They can be equipped with sensors that detect when a car leaves so the meter can zero itself out. No more getting lucky and finding a meter that still has time on it. Obviously this will increase revenue. Also these meters are linked with backend services and generate and store data to be analyzed. Not only does this mean cities can make data driven decisions on future parking infrastructure, but it also means rates can fluctuate per meter and per hour, scaling appropriately to fit demand. An individual parking meter can “know” that all other meters are in use on it’s block, and if they are all paid up for a long period of time it can temporarily increase it’s rate.
Smart meters bring massive advantages to their owners, and some advantages to users (such as the ability to pay with credit cards), but they do have their drawbacks. The biggest drawback being their cost. The meters themselves are significantly more expensive than their predecessors and they come with monthly service fees to cover meter maintenance as well as the backend infrastructure to deal with electronic payments and data storage and analysis. The expertise required to run such a service virtually guarantees a city can’t do it themselves, which provides a lucrative opportunity for the smart meter companies.
While smart meter companies don’t post prices online (they take the usual B2B individual quotes per contract) we can find some quoted prices from the published pilot studies. San Francisco looked at IPS and Duncan meters. Their pilot lists IPS as $42 per meter per year plus a $0.16 per transaction fee and variable merchant and bank fees and Duncan at $420 per meter per year plus a $0.06 per transaction fee and variable merchant and bank fees. The Coronado pilot study doesn’t list the smart meter manufacturer but the pictures they include are IPS smart meters. They quote a $9.25 per meter per month (so $111 per meter per year) fee, average per transaction fee of $0.32 and what looks to be a one time purchase fee of around $757 per smart meter.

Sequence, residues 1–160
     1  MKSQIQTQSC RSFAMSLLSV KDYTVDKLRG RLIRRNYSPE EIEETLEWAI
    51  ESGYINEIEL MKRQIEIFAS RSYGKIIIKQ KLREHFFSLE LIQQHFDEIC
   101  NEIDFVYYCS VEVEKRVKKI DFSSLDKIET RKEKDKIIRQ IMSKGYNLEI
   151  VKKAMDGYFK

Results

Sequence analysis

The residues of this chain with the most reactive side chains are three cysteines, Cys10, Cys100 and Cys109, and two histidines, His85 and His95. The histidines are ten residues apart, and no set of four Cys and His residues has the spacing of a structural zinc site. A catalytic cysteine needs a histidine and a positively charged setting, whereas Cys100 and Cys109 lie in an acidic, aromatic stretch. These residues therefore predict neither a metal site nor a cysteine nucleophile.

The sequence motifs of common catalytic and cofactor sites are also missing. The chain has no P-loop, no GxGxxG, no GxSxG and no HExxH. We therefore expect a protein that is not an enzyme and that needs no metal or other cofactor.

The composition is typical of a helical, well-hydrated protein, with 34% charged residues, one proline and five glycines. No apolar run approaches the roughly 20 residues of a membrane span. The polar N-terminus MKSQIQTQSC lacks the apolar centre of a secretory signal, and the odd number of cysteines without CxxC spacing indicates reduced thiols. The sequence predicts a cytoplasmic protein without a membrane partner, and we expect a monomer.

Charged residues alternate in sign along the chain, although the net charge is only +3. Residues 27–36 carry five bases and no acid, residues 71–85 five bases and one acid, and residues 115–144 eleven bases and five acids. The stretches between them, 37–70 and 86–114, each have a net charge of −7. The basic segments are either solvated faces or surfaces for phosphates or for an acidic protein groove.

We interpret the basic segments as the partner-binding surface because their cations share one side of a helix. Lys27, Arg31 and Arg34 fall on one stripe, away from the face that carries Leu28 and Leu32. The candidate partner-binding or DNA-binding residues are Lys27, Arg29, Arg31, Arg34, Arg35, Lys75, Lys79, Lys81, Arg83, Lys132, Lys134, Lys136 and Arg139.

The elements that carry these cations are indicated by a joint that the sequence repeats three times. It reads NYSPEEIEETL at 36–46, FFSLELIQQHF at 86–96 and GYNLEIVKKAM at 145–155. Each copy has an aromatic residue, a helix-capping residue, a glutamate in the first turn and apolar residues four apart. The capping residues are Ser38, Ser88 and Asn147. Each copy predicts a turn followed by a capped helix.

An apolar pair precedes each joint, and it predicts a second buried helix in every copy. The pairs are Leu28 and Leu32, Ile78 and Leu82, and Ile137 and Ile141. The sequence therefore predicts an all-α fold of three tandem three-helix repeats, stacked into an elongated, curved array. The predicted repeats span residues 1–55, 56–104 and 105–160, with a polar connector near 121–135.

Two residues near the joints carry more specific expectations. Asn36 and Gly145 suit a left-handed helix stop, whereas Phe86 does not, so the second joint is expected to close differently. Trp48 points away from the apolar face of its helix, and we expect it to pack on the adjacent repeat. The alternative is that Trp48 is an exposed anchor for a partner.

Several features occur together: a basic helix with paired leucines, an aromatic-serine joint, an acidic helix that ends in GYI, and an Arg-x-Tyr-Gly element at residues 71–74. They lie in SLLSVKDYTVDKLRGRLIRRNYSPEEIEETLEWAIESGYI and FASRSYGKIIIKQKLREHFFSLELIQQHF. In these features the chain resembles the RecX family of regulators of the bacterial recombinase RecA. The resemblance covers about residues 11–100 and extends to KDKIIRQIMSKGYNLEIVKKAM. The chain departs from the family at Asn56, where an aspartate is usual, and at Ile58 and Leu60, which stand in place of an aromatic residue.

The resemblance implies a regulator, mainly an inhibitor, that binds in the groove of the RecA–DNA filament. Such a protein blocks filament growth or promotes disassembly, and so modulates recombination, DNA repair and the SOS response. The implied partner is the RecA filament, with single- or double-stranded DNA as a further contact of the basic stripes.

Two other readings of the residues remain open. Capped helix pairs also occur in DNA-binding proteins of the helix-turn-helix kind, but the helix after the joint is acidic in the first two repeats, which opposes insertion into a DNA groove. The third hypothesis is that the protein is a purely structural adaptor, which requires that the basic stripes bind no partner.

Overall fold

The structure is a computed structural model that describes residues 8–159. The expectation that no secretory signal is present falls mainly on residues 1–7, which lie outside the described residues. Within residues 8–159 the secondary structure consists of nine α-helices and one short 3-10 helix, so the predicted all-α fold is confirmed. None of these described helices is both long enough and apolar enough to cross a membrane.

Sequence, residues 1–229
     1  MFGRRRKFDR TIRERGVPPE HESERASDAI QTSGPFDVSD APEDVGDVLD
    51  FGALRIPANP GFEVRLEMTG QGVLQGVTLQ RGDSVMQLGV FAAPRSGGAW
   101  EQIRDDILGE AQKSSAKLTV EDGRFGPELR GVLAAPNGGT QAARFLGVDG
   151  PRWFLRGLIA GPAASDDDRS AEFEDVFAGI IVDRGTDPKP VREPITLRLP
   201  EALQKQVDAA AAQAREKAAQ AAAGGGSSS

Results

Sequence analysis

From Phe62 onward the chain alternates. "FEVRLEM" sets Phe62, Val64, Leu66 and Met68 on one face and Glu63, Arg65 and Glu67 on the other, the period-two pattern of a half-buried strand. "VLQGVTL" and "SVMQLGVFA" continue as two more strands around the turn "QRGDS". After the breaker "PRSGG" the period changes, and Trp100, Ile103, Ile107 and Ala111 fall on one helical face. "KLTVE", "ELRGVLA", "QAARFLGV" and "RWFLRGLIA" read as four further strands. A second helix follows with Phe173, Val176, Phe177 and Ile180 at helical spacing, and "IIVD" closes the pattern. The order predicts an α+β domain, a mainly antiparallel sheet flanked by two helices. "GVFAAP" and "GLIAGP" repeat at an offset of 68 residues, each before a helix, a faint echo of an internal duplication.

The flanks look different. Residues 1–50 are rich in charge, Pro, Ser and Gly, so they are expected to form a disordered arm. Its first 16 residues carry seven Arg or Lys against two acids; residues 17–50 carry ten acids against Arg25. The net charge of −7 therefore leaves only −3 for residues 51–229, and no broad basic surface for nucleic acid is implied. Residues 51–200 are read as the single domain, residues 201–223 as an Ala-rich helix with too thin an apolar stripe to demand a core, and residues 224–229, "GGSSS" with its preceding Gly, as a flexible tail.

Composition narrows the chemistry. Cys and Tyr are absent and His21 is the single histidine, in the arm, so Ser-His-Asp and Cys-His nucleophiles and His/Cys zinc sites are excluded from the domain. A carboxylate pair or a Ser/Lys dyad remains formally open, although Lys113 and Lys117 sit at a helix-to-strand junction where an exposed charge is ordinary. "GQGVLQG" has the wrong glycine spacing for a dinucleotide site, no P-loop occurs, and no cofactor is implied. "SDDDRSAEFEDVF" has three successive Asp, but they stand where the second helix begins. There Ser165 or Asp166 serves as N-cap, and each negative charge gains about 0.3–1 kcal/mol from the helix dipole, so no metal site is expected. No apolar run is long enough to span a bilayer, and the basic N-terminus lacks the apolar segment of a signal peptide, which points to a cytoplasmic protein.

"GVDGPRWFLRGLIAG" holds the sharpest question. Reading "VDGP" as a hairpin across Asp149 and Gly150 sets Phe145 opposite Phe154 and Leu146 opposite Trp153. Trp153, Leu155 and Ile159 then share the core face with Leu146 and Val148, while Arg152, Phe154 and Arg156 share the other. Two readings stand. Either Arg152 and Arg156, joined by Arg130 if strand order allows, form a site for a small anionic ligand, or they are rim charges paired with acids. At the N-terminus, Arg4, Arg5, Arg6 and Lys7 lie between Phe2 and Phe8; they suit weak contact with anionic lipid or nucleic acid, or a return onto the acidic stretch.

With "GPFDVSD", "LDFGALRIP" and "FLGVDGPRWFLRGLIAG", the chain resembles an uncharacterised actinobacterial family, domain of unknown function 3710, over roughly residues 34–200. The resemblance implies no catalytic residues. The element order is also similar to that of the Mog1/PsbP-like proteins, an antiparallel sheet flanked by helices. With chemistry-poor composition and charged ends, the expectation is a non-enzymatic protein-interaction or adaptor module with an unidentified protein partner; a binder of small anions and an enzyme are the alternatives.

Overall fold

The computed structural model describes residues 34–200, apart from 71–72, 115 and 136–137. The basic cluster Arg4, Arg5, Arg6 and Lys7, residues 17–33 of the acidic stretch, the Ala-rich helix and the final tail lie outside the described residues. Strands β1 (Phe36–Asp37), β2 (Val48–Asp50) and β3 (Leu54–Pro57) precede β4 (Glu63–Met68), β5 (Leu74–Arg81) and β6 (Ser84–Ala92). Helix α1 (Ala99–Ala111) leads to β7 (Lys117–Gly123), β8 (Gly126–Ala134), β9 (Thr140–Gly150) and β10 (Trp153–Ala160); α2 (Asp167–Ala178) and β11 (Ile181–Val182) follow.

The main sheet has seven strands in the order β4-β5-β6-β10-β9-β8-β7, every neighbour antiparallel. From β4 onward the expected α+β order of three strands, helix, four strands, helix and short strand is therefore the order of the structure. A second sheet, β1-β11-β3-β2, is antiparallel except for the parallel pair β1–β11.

Parking meters that use cryptocurrencies would offer new options for the city and can be implemented cheaper and more reliably than a complicated backend service. They could also offer some new features for consumers that are more difficult to implement with standard electronic payments (and impossible with coin or cash payments). The benefits of smart meters such as sensor resetting and data analysis could still exist with crypto meters, but crypto meters also give the option to go extremely lean, even cheaper than mechanical meters.
The easiest, quickest, and most flexible way to do this is with Ethereum. A contract can be written such that it contains information on each parking meter in the city such as the meter’s unique ID, approximate address, rate, and what block number the meter is reserved up to. Ethereum targets a 15 second block time so it would work fairly well for estimating time, although with some more work block time could be used instead. A simple app or web site run by the city could be the main interaction for reserving meters. Some immediate benefits are that if the timer is about to run out the person can fill it up wherever they are. In fact they could, if they were inclined to, have a friend on the other side of the world top off the meter for them. Administrative access would allow changing rates and reservation limits easily from anywhere in the world, along with adding or removing new meters and inactivating them for particular events or holidays. Cities could even choose to allow people in the city to “rent out” their driveways when popular events are planned. An Ethereum contract could allow the temporary creation of these spaces as well as how the profits are split between the city and the house owners.